Be Water, My Friend
Like a tsunami crashing against a beach, the past nearly two years have shaken the legal field. The institutions and traditions that served as the foundations of the legal community such as paper documents and in-person meetings and trials were suddenly not realistic. No longer could we attend happy hours and get to know our colleagues and judicial officers or negotiate transactions face to face. For some time, the courthouse doors were literally and figuratively closed. With these momentous changes to the legal community, we can look at water – another completely disrupting force – for lessons on how to survive and persevere.
Unlike the law, water is the ultimate substance in flux. Depending on the temperature, it can be a solid, a liquid or a gas. It can be calm, but it is easily affected by its surroundings like a pebble in a pond. Water ebbs and flows in a way that allows it to bypass obstacles and wear away at any resistance it faces while providing its own resistance as it adjusts to its environment.
Just as water rushes downriver, so has the legal field as it had to rapidly adapt over the past two years. The endorsement of paper files and letters mailed by the postal service was replaced with electronic trial binders and electronic service. The penchant for in-person discussions to bridge the gap in settling cases was quickly switched to Zoom meetings for hours on end. The speed at which the practice of law and the law itself has evolved over such a short period has jolted practitioners, clients, and the institutions that serve them, seemingly overwhelming those who cannot adapt.
In this issue of the Contra Costa Lawyer, see the perspectives of a cross-section of our legal community on the ways we have been swept up by the current of change from traditional practices.
- One of the newest judges in Contra Costa County, Hon. Jennifer Lee, writes about how the pandemic has affected litigants in Contra Costa County in positive ways.
- Hon. Bonnie Sabraw (Retired) reflects on challenges to mediation that she has encountered during the pandemic.
- Patrice Truman, a jury consultant, describes how courts around the country are managing trials during the pandemic.
- Celine Mui Simon, attorney and real estate broker, presents an MCLE self-study opportunity on the new law for disclosures related to structure vulnerability to wildfires.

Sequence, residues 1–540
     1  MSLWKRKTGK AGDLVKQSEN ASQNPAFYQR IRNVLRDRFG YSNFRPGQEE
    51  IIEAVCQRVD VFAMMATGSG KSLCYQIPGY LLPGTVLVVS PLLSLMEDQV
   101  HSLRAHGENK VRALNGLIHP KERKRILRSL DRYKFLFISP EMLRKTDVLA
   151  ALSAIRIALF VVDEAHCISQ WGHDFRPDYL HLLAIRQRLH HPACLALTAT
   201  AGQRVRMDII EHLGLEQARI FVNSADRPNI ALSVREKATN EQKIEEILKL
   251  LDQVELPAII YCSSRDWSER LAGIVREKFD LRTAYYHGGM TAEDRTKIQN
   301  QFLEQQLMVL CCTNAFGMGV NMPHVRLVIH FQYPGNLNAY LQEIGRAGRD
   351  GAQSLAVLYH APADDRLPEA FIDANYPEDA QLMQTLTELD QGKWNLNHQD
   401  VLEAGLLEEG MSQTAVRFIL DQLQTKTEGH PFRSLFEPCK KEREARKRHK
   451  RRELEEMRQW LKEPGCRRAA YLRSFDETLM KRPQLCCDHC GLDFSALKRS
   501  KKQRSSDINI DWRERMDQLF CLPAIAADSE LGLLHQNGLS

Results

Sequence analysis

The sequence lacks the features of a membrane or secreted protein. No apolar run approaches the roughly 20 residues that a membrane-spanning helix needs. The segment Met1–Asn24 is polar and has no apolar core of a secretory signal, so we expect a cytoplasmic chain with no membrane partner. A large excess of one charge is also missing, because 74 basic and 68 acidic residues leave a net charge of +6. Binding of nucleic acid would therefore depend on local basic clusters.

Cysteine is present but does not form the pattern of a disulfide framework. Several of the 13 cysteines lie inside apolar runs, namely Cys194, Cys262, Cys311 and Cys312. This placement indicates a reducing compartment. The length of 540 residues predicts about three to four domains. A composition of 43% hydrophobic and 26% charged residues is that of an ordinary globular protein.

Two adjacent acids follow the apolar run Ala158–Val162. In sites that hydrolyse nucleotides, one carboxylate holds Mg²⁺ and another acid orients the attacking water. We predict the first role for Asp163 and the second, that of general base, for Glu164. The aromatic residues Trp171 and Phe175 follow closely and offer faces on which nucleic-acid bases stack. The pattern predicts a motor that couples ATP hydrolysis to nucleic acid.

- Rachel Margolis Chapman, a criminal defense attorney, provides insight on the effects the pandemic has had on the criminal courts in Contra Costa.
- Rebecca Jones interviews practitioners on how changes to workplace culture have enhanced their practices.
- Hon. Terri Mockler wraps up the Contra Costa Court Scholarship Fund.
- In Memoriam of Commissioner Judith Sanders.
We hope these articles reflect lessons learned from changes in the legal profession over the last two years and how we can adapt to these new circumstances. Despite the deluge of changes, one thing hasn’t changed: like clean water, the legal system is a vital resource. As we have seen, when the availability of water changes (a scenario we are very familiar with from the persistent drought conditions), we make changes as a society to safeguard limited resources. Similarly, when there is a lack of access to judges, attorneys, and other legal professionals, we all feel the repercussions.
Finally, we note that some changes during the pandemic have felt like crashing waves, causing stress or uncertainty that was already too familiar to lawyers, judges, law students, and others involved in the legal system. For this, we invoke the words of Bruce Lee:
“Be Water, My Friend.
Empty your mind.
Be formless, shapeless, like water.
You put water into a cup,
it becomes the cup.
You put water into a bottle,
it becomes the bottle.
You put it into a teapot,
it becomes the teapot.
Now water can flow or it can crash.
Be water, my friend.”